Unless pulled off perfectly—which isn’t easy to do—rear projection gives scenes a slightly unreal quality, whether it’s meant to or not. That’s never more apparent than in films that use the effect for driving sequences, where the action outside the car usually looks slightly, or often not-so-slightly, out of sync with the world inside the vehicle. The technique isn’t much needed in the digital age, but David Cronenberg uses it—or something that looks much like it—to great effect in the early scenes of Cosmopolis, his adaptation of Don DeLillo’s short novel about a young tycoon’s long, slow, eventful limo ride across a gridlocked Manhattan. Inside, it’s a sealed-off luxury nest of plush seating, blinking consoles, chilled beverages, and TVs. Outside waits an unfiltered, chaotic world beyond the control of pushbuttons and touchscreens. Cronenberg makes them look like two realities because they effectively are two realities, albeit realities destined to collide.
And since the closed-off, mobile world provides nearly all that life requires, why ever leave it? Cosmopolis’ billionaire protagonist (Robert Pattinson) initially seems content to stay put in a place high-tech enough to allow him to keep track of his business, and roomy enough that he can both continue an ongoing affair with his art dealer (Juliette Binoche) and receive his daily checkup, a routine that includes both an EKG—the limo’s luxuries include built-in medical equipment—and a prostate exam. Besides, the world outside is in a state. Anti-capitalist protesters fill streets in which traffic has slowed to the crawl, thanks to the twin inconveniences of a presidential visit and the funeral of Brutha Fez, a Sufi hip-hop star beloved by the masses and by Pattinson. (At one point, he boasts of having two private elevators that he selects depending on his mood: One pipes in Erik Satie and moves at one-quarter speed, while the other plays only Fez’s music.)
Yet the rest of the world has a pull of its own. Pattinson keeps running into his wife (Sarah Gadon) of less than a month. But they seem more like strangers than spouses, and the more he presses her to resume—or maybe just begin—having sex with him, the further she slips away. Clad in a dress not too far off from the color of her skin, she seems almost more spirit than body, but it’s earthly desire that draws him toward her, and toward other stops along the way: a diner invaded by protesters carrying dead rats; a hotel room for yet another tryst; and his final destination, the barbershop of his childhood neighborhood. Each turns out to be a station on a journey down. Having bet, and lost, against the direction of the Chinese yuan, he watches his fortune dwindle and disappear over the course of the day, treating his ruin with the same outward impassiveness he treats everything else.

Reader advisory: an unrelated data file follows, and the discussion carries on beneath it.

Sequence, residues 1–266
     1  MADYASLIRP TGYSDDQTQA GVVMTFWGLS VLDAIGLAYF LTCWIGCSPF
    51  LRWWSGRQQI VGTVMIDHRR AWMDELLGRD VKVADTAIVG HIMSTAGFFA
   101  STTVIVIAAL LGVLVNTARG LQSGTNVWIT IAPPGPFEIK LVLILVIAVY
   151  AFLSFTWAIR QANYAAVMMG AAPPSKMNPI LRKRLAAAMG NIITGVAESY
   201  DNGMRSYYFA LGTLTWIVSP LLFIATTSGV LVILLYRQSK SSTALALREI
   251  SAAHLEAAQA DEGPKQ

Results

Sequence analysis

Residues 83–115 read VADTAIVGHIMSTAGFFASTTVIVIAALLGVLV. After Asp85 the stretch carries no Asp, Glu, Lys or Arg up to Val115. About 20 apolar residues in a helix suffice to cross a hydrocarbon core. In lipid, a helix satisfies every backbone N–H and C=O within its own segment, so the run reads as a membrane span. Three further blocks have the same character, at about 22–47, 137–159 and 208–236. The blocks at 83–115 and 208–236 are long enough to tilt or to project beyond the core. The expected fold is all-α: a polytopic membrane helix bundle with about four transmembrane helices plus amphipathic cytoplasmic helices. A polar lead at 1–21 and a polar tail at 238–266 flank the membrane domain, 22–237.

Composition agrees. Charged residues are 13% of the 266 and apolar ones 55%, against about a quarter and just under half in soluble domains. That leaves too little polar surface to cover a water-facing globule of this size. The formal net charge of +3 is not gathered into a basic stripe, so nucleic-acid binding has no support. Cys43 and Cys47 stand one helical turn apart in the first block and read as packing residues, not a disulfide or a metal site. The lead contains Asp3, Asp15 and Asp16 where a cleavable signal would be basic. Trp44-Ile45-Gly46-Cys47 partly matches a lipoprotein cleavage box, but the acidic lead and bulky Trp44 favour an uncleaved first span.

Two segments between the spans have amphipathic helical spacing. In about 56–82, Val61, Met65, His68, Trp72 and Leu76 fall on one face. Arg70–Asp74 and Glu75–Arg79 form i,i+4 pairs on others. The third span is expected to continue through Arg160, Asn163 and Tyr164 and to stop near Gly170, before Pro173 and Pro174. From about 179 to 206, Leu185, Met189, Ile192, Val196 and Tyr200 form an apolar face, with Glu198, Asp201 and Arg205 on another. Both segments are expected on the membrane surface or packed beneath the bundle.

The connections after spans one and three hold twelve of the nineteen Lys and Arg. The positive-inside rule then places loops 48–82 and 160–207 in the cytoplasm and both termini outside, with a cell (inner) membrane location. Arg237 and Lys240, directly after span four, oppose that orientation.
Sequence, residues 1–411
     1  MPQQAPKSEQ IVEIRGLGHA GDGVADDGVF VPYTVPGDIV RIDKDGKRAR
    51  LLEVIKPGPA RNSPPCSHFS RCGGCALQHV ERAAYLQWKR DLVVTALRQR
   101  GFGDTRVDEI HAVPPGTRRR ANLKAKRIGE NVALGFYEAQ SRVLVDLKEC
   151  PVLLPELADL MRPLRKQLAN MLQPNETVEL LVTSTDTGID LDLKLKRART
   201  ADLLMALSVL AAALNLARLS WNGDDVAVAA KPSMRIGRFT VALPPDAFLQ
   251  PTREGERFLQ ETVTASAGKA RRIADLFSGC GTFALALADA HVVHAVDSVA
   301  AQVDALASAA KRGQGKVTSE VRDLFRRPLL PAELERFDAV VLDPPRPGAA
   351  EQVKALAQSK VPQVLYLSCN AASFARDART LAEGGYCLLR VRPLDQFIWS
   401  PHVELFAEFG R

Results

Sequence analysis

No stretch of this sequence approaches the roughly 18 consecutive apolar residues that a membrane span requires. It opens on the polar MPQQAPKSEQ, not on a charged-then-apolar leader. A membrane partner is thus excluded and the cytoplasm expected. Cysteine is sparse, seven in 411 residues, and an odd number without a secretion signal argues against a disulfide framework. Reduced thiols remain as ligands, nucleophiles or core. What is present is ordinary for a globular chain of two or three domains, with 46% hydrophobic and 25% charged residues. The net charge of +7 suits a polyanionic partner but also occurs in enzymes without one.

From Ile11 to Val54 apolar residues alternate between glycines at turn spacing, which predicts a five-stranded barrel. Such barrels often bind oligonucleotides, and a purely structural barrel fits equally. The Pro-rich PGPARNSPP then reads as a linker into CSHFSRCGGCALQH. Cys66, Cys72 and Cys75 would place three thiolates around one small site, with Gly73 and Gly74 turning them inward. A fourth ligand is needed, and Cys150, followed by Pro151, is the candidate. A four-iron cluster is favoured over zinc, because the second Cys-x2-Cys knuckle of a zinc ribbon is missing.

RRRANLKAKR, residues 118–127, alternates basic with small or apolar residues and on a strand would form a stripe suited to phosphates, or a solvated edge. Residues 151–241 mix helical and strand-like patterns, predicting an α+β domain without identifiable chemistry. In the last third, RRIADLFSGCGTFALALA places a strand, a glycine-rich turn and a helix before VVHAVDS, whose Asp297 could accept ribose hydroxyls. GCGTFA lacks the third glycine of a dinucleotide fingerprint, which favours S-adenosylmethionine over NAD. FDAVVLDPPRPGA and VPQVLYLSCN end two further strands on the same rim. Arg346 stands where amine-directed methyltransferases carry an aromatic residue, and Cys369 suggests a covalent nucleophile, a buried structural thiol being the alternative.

The cipher-like qualities that helped make Pattinson a star in the Twilight movies serve him well here. He’s unknowable to those around him, and maybe to himself, but he plays a type familiar to Cronenberg movies, the sort of hero the director finds even when adapting others’ work: a man driven by the desire to be consumed by the forces he fears. Just as Cronenberg’s feature debut, Shivers, gave body to all manner of swirling 1970s sexual anxiety, in Cosmopolis, Pattinson lives in a world where his fears manifest in the form of protests in the street, and the “credible threat” to his safety that his imposing security chief (Kevin Durand) repeatedly mentions. His fears are also addressed, more obliquely, in the film’s clipped, heightened dialogue, much of it taken directly from the pages of DeLillo’s book.
That works in the film’s favor most of the time, but not all. Though some of the exchanges sound a bit page-bound, more often, the pairing of Cronenberg and DeLillo plays like a meeting of simpatico minds. Cosmopolis is rich in dry, dark comedy that never defuses a mounting sense of dread, a mix of elements familiar to both the writer and director. Multitasking, Pattinson combines a rectal exam with a business meeting, hunching nude over an adviser (Emily Hampshire) who is flushed and sweaty from her morning jog. The scene looks like a parody of sex until the erotic undercurrents start to overwhelm the awkwardness. Even in that unusual moment and that artificial environment, the needs of the body assert themselves. Later, he and yet another adviser (Samantha Morton) calmly discuss the finer points and contrasting principles of capitalism and anarchy while protesters spray paint his window. Pattinson and Morton are safe to pursue their philosophical conversation as long as the boundaries hold, but they clearly can’t hold forever.
Neither, unfortunately, can the film sustain its odd, unsettling tone. It generates a lot of tension by inching forward as the world falls apart around it in ways that often look like scenes from last year’s news. (Though DeLillo published Cosmopolis in 2003 and set it against the bursting of the Internet bubble in 2000, the year remains unspecified here and Occupy and its emphasis on the widening gulf between the ultra-rich and everyone else echoes throughout the movie.) But as Pattinson nears the bottom—both of his fortune, and to all appearances, his sanity—Cronenberg has to take the film somewhere, emptying out into a confrontation between Pattinson and a disgruntled former employee (Paul Giamatti) that never fully ties together all that’s come before. Cronenberg turns a difficult, sometimes frustrating book into a difficult, sometimes frustrating movie, though one with many of the same rewards as its source material: a glimpse into what it’s like to have reached the top, and to have found there only the perverse urge to plummet back down.